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'Spark!' volunteer ignites plan to fund Museum of Discovery

by Eric E. Harrison | September 12, 2021 at 3:19 a.m.
Dan Williams on 09/07/2021 at the Museum of Discovery for High Profile volunteer story (Arkansas Democrat-Gazette/Cary Jenkins)

Dan Williams originally connected with the Museum of Discovery through his company, Garver, the North Little Rock-based engineering, planning, architectural and environmental services firm of which he is chairman emeritus.

He and his wife, Ellen, later started volunteering for the museum on their own.

"I originally got involved in 2018, planning Garver's centennial year," he explains. "The museum was instrumental in developing a program for school-age kids" -- a chain-reaction challenge that ranged from simple domino falls to some pretty elaborate Rube Goldberg machines.

Garver took the challenge to middle schools "in all the states where we had offices," Williams says -- Garver at the time was in a dozen states, and now has 35 locations in 14 states, with nearly 900 employees.

Garver has been providing financial and volunteer support to the museum for more than two decades, but consistently since 2014, through its principal fundraisers, "Spark!" and Tinkerfest. As a corporate sponsor, it has an executive on the museum board.

"'Spark!' comes from our mission of igniting and fueling a passion for science, technology, engineering, arts and math through dynamic, interactive experiences," according to a news release. ("We sound like pyromaniacs," quips chief marketing officer and museum spokeswoman Kendall Thornton.)

Williams is this year's chairman for "Spark!," which takes place in two parts:

A sit-down luncheon, 11:30 a.m.-1 p.m. Oct. 25 at the museum, 500 President Clinton Ave., Little Rock, honors eight "Spark! Stars," Arkansans whose careers, in one way or another, involve STEM (science, technology, engineering and mathematics). This year's honorees:

• Jean Block, chief legal officer, Little Rock Water Reclamation Authority

• Scott Copas, president and CEO, Baldwin & Shell Construction Co.

• Shannon Hendrix, senior vice president and chief administrator, Arkansas Children's Northwest

• Laura Landreaux, president and CEO, Entergy Arkansas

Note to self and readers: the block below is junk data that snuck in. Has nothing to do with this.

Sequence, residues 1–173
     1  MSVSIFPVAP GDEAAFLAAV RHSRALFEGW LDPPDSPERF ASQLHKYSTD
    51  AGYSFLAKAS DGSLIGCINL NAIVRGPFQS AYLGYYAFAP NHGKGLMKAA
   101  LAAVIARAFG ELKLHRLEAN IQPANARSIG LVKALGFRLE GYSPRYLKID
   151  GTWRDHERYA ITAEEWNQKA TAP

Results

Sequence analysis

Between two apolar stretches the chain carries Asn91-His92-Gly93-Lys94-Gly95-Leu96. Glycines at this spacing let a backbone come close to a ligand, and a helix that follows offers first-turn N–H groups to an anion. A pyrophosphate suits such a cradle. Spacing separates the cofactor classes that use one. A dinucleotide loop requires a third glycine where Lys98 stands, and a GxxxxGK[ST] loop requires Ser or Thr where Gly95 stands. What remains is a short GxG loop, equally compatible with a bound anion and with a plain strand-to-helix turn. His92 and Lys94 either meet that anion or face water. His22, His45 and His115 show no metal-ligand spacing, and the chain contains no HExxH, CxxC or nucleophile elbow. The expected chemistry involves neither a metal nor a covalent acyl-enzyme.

• Brittany Goings Marsh, owner and pharmacist, Cornerstone Pharmacy

• Karama Neal, president, Southern Bancorp Community Partners

• Carmen Portillo, owner and chocolatier, Cocoa Belle Chocolates

• Tim Whitley, CEO and CIO, MPH/Team SI Family of Companies.

And for the Spark! Gala, 6:30-8:30 p.m. Nov. 2, guests can explore the museum while sipping various beverages.

"We used to do just one event," says museum CEO Kelley Bass, "but once they had a drink in their hands," it became too difficult to get patrons to pay attention to the speeches by "Spark! Stars." So since 2017 it has been in two parts, a week or two apart.

As event chairman, Williams says, he's responsible for raising funds, helping select the "Spark! Stars" and heading some lead-up events, including one in late August to introduce museum donors to the "Spark! Stars" and the "new" museum, which has been undergoing $3.5 million in repairs and renovations. That's about half of what the museum expects to spend following flooding damage in February; the other half is going to design and construction of new exhibits that will debut in 2023.

The gala will also feature "Spark! Attractions," hands-on activities, most of which are led by Arkansas STEM corporations and organizations.

There is also a silent auction, to which the Williamses once donated a condo stay. "My wife loves the auctions," Williams says. "My grandkids" -- the two that live in the area, ages 10 and 6 -- "love the museum."

Williams retired from the engineering firm -- once known as Garver & Garver, then Garver Engineers, and now just Garver -- in 2019, "but amazingly they still let me come into the office."

He and his wife also volunteer with Immerse Arkansas, which provides assistance to young adults aging out of the foster care system.

Last year's event, the eighth annual, was virtual because of the pandemic, but, Bass says it turned out to be the most successful one to date, bringing in $200,000. This year, he says, they're hoping to net $209,000, which will go to museum operating expenses and educational programs.

The virtual event was such a success that this year's luncheon comes with a virtual option -- patrons can pay $65 to experience it in person, or $40 to just watch virtually. Gala tickets are $125. Visit!

The museum has an advantage when it comes to major fundraisers by holding them at its River Market facility, rather than having to rent a venue. Food, alcohol and beer donations -- from Ben E. Keith, Southern Glazer and Lost Forty, respectively -- also help to keep costs down.

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